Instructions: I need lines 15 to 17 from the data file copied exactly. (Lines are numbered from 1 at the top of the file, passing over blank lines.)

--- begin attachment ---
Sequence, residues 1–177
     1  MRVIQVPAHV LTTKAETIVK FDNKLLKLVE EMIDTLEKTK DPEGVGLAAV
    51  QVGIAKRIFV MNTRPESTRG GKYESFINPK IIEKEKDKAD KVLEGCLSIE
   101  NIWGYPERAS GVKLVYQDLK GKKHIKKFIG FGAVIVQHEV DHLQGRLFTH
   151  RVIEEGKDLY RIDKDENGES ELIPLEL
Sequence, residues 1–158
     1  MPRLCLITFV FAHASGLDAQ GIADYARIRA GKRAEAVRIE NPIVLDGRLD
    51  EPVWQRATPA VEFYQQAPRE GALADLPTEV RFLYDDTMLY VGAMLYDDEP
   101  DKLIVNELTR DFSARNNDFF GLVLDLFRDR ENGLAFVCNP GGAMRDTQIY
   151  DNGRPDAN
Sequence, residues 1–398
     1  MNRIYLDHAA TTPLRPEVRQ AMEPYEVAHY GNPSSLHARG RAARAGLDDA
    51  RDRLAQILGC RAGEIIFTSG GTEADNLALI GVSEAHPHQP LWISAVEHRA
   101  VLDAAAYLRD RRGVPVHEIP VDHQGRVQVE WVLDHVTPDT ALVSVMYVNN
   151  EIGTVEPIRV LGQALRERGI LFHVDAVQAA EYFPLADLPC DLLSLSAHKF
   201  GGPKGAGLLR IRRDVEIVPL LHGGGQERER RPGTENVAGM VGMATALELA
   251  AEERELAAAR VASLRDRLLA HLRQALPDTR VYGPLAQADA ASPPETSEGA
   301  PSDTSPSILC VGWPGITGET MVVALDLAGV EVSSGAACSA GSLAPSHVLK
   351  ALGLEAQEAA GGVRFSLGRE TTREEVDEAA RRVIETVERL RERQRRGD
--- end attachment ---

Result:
   151  EIGTVEPIRV LGQALRERGI LFHVDAVQAA EYFPLADLPC DLLSLSAHKF
   201  GGPKGAGLLR IRRDVEIVPL LHGGGQERER RPGTENVAGM VGMATALELA
   251  AEERELAAAR VASLRDRLLA HLRQALPDTR VYGPLAQADA ASPPETSEGA